Monday, June 2, 2014

My Story


I'm Mckindree Patton, some call me "Kin" or "Kinny"! Let's start from the very beginning…

Growing up I was a competitive gymnast. I loved it, it was my passion. I had always had a dream of one day becoming a collegiate gymnast. Throughout all this time of doing gymnastics, I would always be sick. Getting infection on top of infection. It became harder and harder to do what I loved everyday, and we realized something was really wrong. I should not be getting this sick this often, so we went to my immunologist. After lots of testing, we discovered I had an Immune Deficiency called CVID (Common Variable Immune Deficiency). With this disease my body cannot fight off infections, meaning I catch the "common cold" very easily and my white blood cells don't produce those antibodies to fight those common infections. For this I receive an infusion called IVIG every three weeks to help those antibodies produce.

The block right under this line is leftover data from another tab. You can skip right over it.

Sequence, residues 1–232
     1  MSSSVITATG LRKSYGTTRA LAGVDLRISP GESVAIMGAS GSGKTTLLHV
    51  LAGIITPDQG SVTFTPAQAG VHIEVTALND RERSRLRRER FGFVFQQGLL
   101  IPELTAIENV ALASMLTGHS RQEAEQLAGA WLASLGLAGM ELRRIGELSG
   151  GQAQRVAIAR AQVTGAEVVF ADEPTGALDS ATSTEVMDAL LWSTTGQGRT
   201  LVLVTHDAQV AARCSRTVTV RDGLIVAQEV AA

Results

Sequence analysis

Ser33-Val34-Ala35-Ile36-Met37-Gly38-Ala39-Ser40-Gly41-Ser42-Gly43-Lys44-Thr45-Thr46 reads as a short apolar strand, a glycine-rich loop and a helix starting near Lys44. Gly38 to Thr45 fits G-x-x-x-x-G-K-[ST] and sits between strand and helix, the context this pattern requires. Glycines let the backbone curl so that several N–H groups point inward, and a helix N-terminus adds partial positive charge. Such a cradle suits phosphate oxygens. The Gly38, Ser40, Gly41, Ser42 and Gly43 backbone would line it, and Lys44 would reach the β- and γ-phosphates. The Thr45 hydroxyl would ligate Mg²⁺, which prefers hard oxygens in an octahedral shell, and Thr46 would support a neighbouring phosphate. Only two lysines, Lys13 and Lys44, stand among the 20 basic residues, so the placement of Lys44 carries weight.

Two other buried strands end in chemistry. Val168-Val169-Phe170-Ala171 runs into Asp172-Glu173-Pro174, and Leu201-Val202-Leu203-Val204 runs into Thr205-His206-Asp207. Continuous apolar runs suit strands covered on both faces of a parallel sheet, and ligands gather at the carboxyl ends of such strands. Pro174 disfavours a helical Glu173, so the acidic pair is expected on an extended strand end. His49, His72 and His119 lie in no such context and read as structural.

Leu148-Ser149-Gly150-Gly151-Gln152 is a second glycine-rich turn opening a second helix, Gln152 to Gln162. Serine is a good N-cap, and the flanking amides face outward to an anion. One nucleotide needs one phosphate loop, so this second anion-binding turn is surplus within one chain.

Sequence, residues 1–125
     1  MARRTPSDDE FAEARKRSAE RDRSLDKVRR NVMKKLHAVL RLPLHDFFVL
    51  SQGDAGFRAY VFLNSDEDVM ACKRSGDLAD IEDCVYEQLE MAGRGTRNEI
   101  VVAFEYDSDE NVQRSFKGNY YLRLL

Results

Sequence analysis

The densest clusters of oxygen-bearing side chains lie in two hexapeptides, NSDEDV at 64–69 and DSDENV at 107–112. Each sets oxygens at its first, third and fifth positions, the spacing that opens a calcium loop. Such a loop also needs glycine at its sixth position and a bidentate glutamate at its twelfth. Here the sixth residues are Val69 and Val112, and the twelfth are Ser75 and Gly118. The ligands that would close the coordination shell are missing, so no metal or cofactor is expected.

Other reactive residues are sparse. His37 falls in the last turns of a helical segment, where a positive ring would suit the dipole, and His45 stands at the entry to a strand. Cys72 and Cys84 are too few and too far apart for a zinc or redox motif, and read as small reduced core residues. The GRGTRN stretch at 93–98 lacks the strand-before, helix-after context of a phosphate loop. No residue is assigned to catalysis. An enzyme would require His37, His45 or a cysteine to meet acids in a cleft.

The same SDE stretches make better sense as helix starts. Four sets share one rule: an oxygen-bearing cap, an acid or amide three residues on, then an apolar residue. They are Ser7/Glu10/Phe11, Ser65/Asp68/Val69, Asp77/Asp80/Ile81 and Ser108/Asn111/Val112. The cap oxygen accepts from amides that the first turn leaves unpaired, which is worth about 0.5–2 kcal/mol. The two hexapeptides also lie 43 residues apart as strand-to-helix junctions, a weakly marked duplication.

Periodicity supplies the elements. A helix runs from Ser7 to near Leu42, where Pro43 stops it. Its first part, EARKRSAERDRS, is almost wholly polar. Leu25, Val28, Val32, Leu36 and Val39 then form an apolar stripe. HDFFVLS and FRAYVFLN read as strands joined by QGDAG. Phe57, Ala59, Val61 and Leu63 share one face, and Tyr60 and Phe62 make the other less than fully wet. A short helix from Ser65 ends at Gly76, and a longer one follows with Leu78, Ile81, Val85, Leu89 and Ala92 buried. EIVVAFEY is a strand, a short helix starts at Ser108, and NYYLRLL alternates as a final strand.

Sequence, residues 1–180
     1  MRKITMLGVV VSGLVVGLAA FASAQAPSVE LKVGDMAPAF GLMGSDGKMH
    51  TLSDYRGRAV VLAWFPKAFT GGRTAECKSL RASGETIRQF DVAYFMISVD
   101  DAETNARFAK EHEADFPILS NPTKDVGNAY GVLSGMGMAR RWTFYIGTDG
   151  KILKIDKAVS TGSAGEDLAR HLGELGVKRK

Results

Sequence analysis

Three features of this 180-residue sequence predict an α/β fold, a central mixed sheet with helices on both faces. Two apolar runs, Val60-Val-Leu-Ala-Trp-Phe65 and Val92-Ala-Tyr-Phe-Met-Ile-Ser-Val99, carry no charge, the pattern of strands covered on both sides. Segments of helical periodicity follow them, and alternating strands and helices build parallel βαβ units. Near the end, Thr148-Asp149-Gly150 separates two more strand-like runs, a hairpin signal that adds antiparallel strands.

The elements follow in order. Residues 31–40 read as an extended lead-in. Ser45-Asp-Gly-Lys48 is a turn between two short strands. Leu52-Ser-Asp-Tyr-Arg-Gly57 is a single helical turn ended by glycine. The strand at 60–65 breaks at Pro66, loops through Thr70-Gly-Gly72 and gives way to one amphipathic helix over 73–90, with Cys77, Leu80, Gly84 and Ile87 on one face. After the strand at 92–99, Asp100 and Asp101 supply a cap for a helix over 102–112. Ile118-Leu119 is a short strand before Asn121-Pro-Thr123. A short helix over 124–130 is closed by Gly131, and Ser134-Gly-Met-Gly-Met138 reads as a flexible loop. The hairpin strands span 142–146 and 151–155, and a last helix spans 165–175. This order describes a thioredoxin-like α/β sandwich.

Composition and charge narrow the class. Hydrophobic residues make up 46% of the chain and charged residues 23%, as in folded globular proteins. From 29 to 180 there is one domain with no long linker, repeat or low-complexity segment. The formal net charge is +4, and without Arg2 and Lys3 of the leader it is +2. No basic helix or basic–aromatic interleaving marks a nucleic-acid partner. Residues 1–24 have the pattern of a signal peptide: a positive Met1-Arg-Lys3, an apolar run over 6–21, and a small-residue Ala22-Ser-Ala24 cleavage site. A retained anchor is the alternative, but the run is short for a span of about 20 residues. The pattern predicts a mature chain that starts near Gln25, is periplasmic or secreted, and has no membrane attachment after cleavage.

In July of 2010, the same doctor realized my red blood cell count was steadily declining. So, I was sent to a Hematologist/Oncologist at Phoenix Children's Hospital. Lots and LOTS of blood tests, bone marrow biopsies, genetic testing, and visits to expert doctors around the country happened. No one could figure out what was going on. They all said I was "abnormal" and a "mystery", they were all stumped…I can't even tell you how many times I heard and keep hearing those words. While being hospitalized in July of 2011 for a bad infection, results from Cincinnati Children's Hospital came in. We had been waiting for answers for a long time. The diagnosis was Diamond Blackfan Anemia (DBA). This is a very very rare form of bone marrow failure in which my body doesn't produce red blood cells. There are only about 700 people around the whole world with this rare diagnosis. I guess the doctors always knew I was special lol. For this I receive red blood cell transfusions every month to keep me going. With the transfusions comes a separate problem called iron overload. Since I have received so many blood transfusions, my iron levels are very elevated. I am hooked up to a medication called Desferal every night through my port. This medication gets rid of all the extra iron caused by the blood. But… I cannot thank blood donors enough from everywhere for their donations, for without it, I may not be here.